eBay Addresses Vladuz Hacking Incident
By Ina Steiner
Rumors have been circulating since December that a Russian had hacked into eBay databases. Screenshots of discussion-board posts by eBay moderators that were composed and signed by "Vladuz" were posted by eBay members as proof that the hacker had accessed eBay email accounts. An eBay spokesperson did not respond to an inquiry made by AuctionBytes last month looking for information about the alleged hacking incident.
But a small group of eBay users kept discussing the Vladuz matter online. On Wednesday, eBay finally responded to an inquiry from the Register in the UK and acknowledged that someone had obtained access to a small number of eBay email accounts (http://www.theregister.co.uk/2007/02/20/ebay_conspiracy).
eBay spokesperson Hani Durzy told AuctionBytes on Wednesday that at no time did the fraudster have access to any member's personal or financial information. Durzy said a Romanian had obtained access to a handful of email accounts from some customer service representatives. The only information he had access to was information contained in emails, which did include some screenshots of some backend tools, Durzy said. Email servers are kept separate from servers hosting member data, he said.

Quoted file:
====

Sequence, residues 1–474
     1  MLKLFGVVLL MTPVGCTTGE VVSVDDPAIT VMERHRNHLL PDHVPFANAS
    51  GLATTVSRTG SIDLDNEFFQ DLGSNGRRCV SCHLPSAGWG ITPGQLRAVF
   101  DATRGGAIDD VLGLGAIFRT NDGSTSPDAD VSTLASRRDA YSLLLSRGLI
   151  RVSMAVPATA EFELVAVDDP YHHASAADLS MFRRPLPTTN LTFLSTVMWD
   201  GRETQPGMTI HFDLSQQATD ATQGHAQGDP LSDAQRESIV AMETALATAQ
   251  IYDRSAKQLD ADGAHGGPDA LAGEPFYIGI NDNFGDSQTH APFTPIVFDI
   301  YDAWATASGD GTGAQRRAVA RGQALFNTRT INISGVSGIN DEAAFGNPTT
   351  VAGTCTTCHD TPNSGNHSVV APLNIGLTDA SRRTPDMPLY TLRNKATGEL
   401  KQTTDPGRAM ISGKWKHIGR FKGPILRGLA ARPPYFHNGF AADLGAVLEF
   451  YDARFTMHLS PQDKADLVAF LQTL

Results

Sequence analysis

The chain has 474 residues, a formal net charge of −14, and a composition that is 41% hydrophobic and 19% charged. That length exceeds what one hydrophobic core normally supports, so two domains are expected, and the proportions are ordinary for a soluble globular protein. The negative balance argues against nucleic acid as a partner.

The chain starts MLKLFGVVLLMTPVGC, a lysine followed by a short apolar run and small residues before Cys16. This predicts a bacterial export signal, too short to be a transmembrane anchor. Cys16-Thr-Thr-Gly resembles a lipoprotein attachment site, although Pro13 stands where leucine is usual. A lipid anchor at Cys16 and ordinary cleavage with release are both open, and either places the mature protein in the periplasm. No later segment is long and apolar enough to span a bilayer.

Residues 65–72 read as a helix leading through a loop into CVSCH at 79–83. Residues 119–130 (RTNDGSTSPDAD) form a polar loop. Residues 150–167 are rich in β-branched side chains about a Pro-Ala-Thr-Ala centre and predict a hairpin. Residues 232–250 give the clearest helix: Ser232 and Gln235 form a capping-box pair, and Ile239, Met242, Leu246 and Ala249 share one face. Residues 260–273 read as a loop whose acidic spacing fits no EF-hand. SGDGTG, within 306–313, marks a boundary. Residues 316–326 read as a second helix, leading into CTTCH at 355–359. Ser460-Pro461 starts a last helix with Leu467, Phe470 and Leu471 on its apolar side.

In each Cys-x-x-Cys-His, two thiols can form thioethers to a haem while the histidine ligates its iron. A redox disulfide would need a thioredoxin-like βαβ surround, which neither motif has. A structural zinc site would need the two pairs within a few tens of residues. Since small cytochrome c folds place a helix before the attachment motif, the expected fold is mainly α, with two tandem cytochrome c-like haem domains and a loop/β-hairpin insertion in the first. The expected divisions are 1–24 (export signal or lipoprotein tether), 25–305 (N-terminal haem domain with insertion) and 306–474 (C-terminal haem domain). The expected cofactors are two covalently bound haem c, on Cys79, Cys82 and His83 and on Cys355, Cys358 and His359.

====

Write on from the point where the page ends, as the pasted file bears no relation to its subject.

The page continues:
eBay has a policy that prohibits employees from putting customers' financial information in emails, such as credit card numbers or social security numbers (street addresses do not fall under that policy, Durzy said, since that is already in the public domain). eBay customer service representatives are trained about what they can and can't put in emails.
Durzy claims the perpetrator was a "known Romanian fraudster" going by the handle Vladuz. "Our number one priority is to see him caught and locked up," Durzy said.
Over the past few weeks, eBay had removed multiple threads from its discussion boards in which members discussed the Vladuz incident, including on its German and UK sites. But users kept the pressure on eBay by discussing Vladuz on their own sites that sport such quirky names as FireMeg.blogspot.com, PheeBay.com and eBayMotorsSucks.com. Durzy said eBay forum threads were removed because they included the screenshots that had been obtained illegally. "We do not allow people to link to that information on our boards."
Asked why eBay did not address member concerns in the discussion boards, Durzy said it would not be appropriate for him to comment on a specific case, but said eBay makes decisions that are in the interest of the marketplace as a whole.
About the author:
Ina Steiner is co-founder and Editor of EcommerceBytes and has been reporting on ecommerce since 1999. She's a widely cited authority on marketplace selling and is author of "Turn eBay Data Into Dollars" (McGraw-Hill 2006). Her blog was featured in the book, "Blogging Heroes" (Wiley 2008). Follow her on Twitter at @ecommercebytes and send news tips to firstname.lastname@example.org.
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